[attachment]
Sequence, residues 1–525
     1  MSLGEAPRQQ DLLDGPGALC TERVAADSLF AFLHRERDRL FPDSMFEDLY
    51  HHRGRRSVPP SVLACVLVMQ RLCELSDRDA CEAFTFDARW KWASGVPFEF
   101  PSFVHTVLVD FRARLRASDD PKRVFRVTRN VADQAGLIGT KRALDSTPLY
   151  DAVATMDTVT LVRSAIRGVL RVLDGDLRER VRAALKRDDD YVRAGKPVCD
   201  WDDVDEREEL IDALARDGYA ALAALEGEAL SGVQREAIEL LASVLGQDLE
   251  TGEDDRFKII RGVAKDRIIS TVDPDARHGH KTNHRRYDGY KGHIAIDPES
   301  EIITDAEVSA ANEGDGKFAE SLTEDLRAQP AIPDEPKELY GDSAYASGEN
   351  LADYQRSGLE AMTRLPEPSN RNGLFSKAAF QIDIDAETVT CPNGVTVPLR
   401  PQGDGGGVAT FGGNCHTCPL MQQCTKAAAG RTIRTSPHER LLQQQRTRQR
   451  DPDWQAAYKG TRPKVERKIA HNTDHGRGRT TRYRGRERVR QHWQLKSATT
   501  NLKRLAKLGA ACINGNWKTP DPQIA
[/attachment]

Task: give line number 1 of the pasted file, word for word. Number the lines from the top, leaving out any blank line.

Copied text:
Sequence, residues 1–525